Every split second counts at the racetrack, where fortunes are won and lost in as much time and the smallest decisions carry a built-in intensity few other locations can claim. The Killing, a blisteringly taut decimation of post-WWII entitlement, understands this better than any other crime film. Stanley Kubrick's 84-minute jigsaw puzzle transports the dancing moral contortions of film noir to the pressure-cooker atmosphere of the track, infusing them together with dread-inducing temporal uncertainty. This story of low-level hoods and unlikely schemers planning to rob a Los Angeles racetrack condenses the moment-to-moment plotting typical to the heist movie, revealing a nonlinear, fractured narrative seething with anger.
Like a splash of cold water to the face, Kubrick institutes a dry, almost clinical voiceover to chart the progress of the robbery, introducing each man's hidden reasons for letting their freedom ride. The sobering audible device echoes Dragnet in all the right ways, speaking in past tense as if these men were ghosts foolishly trying to change what has already been predetermined. Johnny Clay (Sterling Hayden), just released from a five-year stint in prison, instigates the operation, recruiting inside men from the track like bartender Mike O'Reilly (Joe Sawyer), bookkeeper Marvin Unger (Jay C. Flippen), and clerk George Peatty (Elisha Cook), along with corrupt policeman Randy Kennan (Ted DeCorsia), to orchestrate the daring heist. Each represents a specific role in the intricate process, a key piece to the overall puzzle. How they fit together and break apart becomes Kubrick's core interest.
The men of The Killing all believe their newly acquired riches will salvage whatever opportunities they've previously squandered. Johnny needs the cash to run away with his innocent lover, Fay (Coleen Gray), and the motif continues down the line; Marvin wants to sustain a strange paternal relationship with Johnny, Mike hopes to cure his sickly wife, and Randy intends to free himself from a brutal loan shark. But it's the weak-willed George who becomes the final straw on the camel's back. George naïvely believes the money will satisfy his wide-eyed viper of a wife, Sherry (Marie Windsor). Her passive-aggressive interrogations are ripe with assaults on George's nonexistent masculinity, and what begins as idle pillow talk quickly avalanches into full-blown disaster.
In the heist film, any one character's faith in the group can dissolve in favor of self-survival at a moment's notice. Early on, Randy even warns, "I'll take care of myself. That's my specialty." And as the mistakes pile up, making a once carefully modulated plan on paper turn to dust, The Killing constantly threatens to fulfill such genre conventions. But Kubrick withholds the expectation of capture, betrayal, or death until the last possible moment, stretching out Jim Thompson's bullying and brilliant dialogue sequences, juxtaposing them with hypnotically fluid long takes through clogged interior spaces. These precise visual aesthetics suddenly explode with violence, best exemplified in the moment thuggish Maurice (Kola Kwariani) stages a planned brawl in the track common area, taking on a platoon of cops in the process, or when Johnny watches sniper Nikki Arcane (Timothy Care) shred a paper target with automatic shotgun fire. Violent uncertainty like this infects every corner of the frame.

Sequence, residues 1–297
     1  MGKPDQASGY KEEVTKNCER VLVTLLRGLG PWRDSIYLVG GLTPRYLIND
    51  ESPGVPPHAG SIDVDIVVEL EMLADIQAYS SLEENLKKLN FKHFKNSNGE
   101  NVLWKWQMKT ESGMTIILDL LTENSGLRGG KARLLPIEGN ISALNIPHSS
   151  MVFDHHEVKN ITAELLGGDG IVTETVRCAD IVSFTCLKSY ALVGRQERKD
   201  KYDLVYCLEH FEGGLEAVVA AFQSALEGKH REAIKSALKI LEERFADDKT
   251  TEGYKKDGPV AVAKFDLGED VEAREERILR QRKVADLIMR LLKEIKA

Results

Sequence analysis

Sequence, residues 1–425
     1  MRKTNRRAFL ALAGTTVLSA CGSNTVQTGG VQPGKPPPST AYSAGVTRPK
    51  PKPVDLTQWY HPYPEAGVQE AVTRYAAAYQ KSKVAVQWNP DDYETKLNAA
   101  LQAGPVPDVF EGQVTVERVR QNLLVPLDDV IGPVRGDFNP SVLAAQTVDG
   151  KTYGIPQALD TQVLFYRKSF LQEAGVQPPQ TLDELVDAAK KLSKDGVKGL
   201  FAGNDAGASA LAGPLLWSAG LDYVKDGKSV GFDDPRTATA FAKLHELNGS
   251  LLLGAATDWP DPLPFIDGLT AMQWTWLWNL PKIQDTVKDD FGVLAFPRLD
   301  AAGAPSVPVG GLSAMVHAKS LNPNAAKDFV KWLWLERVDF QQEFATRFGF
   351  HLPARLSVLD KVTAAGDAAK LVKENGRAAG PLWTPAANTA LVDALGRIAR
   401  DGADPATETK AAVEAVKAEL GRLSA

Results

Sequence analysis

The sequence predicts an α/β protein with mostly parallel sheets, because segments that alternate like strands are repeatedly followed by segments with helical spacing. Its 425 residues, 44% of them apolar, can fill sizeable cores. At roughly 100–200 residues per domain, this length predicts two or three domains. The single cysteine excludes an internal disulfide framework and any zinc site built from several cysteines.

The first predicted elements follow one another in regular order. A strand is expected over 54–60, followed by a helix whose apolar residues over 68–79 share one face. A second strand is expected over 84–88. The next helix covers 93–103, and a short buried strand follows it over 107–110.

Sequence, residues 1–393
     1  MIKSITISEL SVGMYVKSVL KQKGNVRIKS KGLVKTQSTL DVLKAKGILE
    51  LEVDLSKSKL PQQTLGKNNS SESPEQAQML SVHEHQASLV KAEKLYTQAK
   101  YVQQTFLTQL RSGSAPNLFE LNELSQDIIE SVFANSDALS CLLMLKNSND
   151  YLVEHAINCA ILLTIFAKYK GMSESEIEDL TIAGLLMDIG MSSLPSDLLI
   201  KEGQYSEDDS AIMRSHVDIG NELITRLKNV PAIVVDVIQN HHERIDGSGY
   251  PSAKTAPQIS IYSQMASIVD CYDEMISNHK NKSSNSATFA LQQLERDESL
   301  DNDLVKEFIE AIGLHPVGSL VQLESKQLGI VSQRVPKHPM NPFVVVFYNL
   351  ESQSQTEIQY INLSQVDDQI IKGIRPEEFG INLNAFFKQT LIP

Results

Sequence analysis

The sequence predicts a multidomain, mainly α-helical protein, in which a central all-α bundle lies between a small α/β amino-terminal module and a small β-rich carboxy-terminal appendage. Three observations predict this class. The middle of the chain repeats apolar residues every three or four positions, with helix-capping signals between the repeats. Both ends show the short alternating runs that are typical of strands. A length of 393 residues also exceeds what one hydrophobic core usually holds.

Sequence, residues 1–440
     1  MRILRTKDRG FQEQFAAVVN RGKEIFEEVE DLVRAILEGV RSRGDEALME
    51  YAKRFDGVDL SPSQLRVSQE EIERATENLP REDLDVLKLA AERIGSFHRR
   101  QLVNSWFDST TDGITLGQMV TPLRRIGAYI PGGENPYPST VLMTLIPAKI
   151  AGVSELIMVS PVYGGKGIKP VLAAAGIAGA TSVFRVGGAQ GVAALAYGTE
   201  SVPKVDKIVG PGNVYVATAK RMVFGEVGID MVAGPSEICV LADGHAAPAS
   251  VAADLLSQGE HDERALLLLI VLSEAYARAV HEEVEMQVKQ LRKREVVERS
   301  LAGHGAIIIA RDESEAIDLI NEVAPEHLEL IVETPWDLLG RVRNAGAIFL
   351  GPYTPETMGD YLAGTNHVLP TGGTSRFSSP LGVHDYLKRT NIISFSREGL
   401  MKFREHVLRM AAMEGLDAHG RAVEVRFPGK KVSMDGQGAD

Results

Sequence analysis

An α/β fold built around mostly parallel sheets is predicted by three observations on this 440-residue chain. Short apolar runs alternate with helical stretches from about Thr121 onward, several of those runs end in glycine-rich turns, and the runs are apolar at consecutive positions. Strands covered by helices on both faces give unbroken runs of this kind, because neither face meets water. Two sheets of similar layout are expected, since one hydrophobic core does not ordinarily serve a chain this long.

Lucien Ballard's glorious shadow-play cinematography helps Kubrick further manipulate space through layers of texture, using angular key lighting to pin spotlights on each character's fatal flaws. Johnny's overconfidence during a roundtable planning session, George's easily manipulated rationale, and Sherry's tragic underestimations of George, all resonate because of their gripping noir environments. The robbery itself feels like a cinematic summation of Kubrick's Kino-nastiness. Set inside the cavernous maze of the racetrack infrastructure, it's a nearly wordless and always gripping example of narrative misdirection. Johnny dons a clown mask, pulls a shotgun out of a flower box, and patiently waits for a moment to pounce; his house of cards seems set up perfectly for success. But the scales quickly tip against him, and the sequence becomes a panicked sprint to the finish line, much like the horse race unfolding in the background. The track announcer's play-by-play makes for a fitting and instinctual parallel to his breakneck smash and grab.
Underneath The Killing's clockwork violence is a pungent layer of irony, something Kubrick would further explore many times later in his career. A vicious symbolism connects disintegrating artificial surfaces and mortally wounded characters, a motif that comes to fruition when George stumbles out of Johnny's apartment late in the film, his face pockmarked with buck shot horrifically personifying the aforementioned paper target. Kubrick's wicked brand of jet-black irony takes many other forms (Sherry's parrot squawking loudly during her death knell is especially potent). But it's the final image of an ocean of cash blowing in the wind that best echoes the uncontrollable and unseen machinations working against these desperate men. Despite a collective hope for the future, they will always be puppets, no matter how hard each tries to cut the strings of fate. Screw Murphy's Law; this is Kubrick's Law, and no one makes it out unscathed.